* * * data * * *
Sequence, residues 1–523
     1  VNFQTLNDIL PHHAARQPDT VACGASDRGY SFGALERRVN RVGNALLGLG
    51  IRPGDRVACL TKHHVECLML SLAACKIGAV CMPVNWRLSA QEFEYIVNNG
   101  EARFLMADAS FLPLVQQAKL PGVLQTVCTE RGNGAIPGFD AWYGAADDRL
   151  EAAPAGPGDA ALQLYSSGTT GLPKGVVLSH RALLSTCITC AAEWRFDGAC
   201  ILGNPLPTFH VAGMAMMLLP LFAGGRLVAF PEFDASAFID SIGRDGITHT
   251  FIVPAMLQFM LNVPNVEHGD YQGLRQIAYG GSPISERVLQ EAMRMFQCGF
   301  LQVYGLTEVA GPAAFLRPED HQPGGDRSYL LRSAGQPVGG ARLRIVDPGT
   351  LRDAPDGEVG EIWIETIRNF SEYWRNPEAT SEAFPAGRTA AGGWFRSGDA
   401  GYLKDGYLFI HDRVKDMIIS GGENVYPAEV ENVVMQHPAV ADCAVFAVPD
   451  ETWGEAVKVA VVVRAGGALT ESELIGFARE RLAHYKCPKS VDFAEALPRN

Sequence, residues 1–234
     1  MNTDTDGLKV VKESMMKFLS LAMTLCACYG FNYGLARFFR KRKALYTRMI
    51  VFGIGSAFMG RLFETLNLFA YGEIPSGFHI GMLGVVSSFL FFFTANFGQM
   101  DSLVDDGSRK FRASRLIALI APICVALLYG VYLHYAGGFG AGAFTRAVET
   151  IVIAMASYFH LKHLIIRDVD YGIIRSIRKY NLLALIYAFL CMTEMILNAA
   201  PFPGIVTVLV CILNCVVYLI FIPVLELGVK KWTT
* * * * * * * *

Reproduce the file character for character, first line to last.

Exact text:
Sequence, residues 1–523
     1  VNFQTLNDIL PHHAARQPDT VACGASDRGY SFGALERRVN RVGNALLGLG
    51  IRPGDRVACL TKHHVECLML SLAACKIGAV CMPVNWRLSA QEFEYIVNNG
   101  EARFLMADAS FLPLVQQAKL PGVLQTVCTE RGNGAIPGFD AWYGAADDRL
   151  EAAPAGPGDA ALQLYSSGTT GLPKGVVLSH RALLSTCITC AAEWRFDGAC
   201  ILGNPLPTFH VAGMAMMLLP LFAGGRLVAF PEFDASAFID SIGRDGITHT
   251  FIVPAMLQFM LNVPNVEHGD YQGLRQIAYG GSPISERVLQ EAMRMFQCGF
   301  LQVYGLTEVA GPAAFLRPED HQPGGDRSYL LRSAGQPVGG ARLRIVDPGT
   351  LRDAPDGEVG EIWIETIRNF SEYWRNPEAT SEAFPAGRTA AGGWFRSGDA
   401  GYLKDGYLFI HDRVKDMIIS GGENVYPAEV ENVVMQHPAV ADCAVFAVPD
   451  ETWGEAVKVA VVVRAGGALT ESELIGFARE RLAHYKCPKS VDFAEALPRN

Sequence, residues 1–234
     1  MNTDTDGLKV VKESMMKFLS LAMTLCACYG FNYGLARFFR KRKALYTRMI
    51  VFGIGSAFMG RLFETLNLFA YGEIPSGFHI GMLGVVSSFL FFFTANFGQM
   101  DSLVDDGSRK FRASRLIALI APICVALLYG VYLHYAGGFG AGAFTRAVET
   151  IVIAMASYFH LKHLIIRDVD YGIIRSIRKY NLLALIYAFL CMTEMILNAA
   201  PFPGIVTVLV CILNCVVYLI FIPVLELGVK KWTT